In spite of its advanced design the new Fokker can hardly be such a formidable weapon as the Hurricane and Spitfire shown nearby on the Hawker-Siddeley and Royal Air Force stand respectively.
Fokker D.XXIII являлся интересной попыткой решить проблему с асимметрией тяги при отказе одного из двух двигателей, но мощность силовой установки прототипа оказалась недостаточной. Кроме того, при покидании машины с парашютом пилот рисковал попасть под удар заднего винта.
FOKKER DEVELOPMENTS: The tandem-engined Fokker D.23 single-seater fighter is now doing its initial test flights. The prototype has Walter Sagittas, but the much more powerful Rolls-Royce Merlins or Daimler-Benz 601s may later be fitted.
A view showing the layout of Fokker’s new D.23 single-seater twin-engined fighter, powered with two Walter Sagitta inverted vees.
DUTCH PROTOTYPE: The Fokker D.23 single-seater twin-engined fighter (inverted vee-twelve air-cooled Walter Sagittas) photographed shortly after its first flight. This machine was exhibited at the last Paris Salon and may be regarded as the prototype of aircraft with two Rolls-Royce Merlins or Daimler Benz D.B. 601s. It is designed for one shell-gun and two large-bore machine guns firing explosive bullets.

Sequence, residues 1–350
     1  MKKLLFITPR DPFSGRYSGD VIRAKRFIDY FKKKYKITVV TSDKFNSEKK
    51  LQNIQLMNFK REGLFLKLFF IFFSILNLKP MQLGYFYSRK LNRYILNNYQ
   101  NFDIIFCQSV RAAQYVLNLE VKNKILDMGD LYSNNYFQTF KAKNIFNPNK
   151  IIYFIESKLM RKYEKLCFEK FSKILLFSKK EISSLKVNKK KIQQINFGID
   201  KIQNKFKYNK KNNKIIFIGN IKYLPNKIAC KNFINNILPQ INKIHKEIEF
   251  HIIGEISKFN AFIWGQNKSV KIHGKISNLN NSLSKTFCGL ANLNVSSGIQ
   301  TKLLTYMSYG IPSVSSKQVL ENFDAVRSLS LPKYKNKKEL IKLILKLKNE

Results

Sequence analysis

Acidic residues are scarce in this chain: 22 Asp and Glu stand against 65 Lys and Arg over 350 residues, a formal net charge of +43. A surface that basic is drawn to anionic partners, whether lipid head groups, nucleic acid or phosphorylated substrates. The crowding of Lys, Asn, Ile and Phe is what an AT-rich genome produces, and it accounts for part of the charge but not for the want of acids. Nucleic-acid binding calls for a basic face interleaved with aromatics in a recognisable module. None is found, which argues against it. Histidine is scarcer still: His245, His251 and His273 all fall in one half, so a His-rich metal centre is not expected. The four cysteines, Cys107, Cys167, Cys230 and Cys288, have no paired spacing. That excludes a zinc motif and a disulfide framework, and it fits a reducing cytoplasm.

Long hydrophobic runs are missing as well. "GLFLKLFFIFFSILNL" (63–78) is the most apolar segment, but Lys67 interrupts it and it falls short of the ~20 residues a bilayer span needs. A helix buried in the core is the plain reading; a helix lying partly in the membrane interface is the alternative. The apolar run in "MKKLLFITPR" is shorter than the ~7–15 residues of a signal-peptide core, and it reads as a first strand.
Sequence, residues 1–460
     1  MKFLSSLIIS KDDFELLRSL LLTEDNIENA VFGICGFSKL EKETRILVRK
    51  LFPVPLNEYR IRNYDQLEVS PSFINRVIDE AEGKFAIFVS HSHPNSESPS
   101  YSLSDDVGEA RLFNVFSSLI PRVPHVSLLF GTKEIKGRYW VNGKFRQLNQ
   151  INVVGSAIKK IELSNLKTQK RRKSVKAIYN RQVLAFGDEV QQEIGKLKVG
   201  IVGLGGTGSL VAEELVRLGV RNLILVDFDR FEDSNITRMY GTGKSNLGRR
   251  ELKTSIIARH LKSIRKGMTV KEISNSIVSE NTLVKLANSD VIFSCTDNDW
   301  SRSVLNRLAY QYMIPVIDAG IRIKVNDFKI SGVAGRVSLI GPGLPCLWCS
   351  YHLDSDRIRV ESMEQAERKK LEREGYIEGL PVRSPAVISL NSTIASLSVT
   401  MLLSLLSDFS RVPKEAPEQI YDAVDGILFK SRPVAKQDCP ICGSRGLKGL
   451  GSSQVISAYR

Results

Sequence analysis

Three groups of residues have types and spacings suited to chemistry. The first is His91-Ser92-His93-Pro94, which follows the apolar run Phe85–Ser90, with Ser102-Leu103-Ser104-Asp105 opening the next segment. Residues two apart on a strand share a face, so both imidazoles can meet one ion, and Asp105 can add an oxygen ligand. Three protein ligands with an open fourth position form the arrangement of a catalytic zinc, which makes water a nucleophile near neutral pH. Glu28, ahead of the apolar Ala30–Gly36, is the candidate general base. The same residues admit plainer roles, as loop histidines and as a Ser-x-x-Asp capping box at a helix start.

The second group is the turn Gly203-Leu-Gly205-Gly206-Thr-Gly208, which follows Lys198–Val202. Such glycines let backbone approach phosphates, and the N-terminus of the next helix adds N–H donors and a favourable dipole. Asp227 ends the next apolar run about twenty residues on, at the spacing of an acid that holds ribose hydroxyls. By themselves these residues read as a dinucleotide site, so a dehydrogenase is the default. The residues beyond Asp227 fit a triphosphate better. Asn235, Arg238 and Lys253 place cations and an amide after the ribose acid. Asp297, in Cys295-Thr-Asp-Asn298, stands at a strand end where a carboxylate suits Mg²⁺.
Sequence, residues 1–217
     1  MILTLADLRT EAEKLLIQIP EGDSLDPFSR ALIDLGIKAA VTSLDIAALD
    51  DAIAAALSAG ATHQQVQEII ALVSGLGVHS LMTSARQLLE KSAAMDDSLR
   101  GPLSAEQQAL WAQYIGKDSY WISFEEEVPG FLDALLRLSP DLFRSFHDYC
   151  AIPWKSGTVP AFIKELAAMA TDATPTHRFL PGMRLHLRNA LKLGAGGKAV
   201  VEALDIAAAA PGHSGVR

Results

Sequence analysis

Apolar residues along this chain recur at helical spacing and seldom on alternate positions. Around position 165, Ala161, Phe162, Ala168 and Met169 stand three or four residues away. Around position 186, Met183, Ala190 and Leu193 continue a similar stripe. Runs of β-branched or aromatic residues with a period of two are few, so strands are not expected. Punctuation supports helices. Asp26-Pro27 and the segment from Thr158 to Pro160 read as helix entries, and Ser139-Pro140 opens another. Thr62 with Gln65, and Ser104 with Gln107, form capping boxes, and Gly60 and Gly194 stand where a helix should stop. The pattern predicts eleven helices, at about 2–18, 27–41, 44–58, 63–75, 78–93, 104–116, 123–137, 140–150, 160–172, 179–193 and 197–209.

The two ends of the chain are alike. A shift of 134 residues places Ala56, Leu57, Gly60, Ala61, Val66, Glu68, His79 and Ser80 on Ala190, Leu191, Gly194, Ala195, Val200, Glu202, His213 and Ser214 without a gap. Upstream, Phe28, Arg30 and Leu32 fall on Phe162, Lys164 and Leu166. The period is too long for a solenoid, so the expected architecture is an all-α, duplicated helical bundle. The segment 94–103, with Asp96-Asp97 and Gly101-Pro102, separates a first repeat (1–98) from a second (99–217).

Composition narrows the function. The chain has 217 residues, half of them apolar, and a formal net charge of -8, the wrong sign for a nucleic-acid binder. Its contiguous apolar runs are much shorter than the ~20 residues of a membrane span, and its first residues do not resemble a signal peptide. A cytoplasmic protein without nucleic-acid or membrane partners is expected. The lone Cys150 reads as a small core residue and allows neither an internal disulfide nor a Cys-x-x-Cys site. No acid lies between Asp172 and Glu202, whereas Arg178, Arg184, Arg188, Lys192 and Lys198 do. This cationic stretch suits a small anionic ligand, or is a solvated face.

Fokker D.23
The unusual D XXIII of centreline-thrust concept
The unorthodox Fokker D.23 single-seater fighter has unusual ammunition feed arrangements for its Browning guns, designed to economise space.
The cooling air for the rear Walter Sagitta on the Fokker D.23 is admitted through this scoop.
The nose wheel of the Fokker D.23 tricycle undercarriage showing that when retracted it occupies a good deal of fuselage space.
A neat stabiliser on the tricycle under­carriage leg of the Fokker D.23, to check wheel shimmy
Armament of Single-seaters: Curtiss Hawk 75A with one 0.3in gun and one 0.5 in.; Curtiss Hawk 75A with six rifle-calibre machine gun; Curtiss Hawk 75A with two shell-guns and two machine guns; Fiat G.50 with two 0.5in. guns and two rifle-calibre machine guns; Hawker Hurricane with eight rifle-calibre machine guns; Morane M.S.406 with one 20 mm. shell-gun and two machine guns; Bloch 151 with two shell-guns and two rifle-calibre machine guns; Fokker D.23 with two shell-guns and two machine guns; Bell experimental pursuit with one 37 mm. shell-gun (unconfirmed).
Fokker Ont.156, dated December 23, 1937.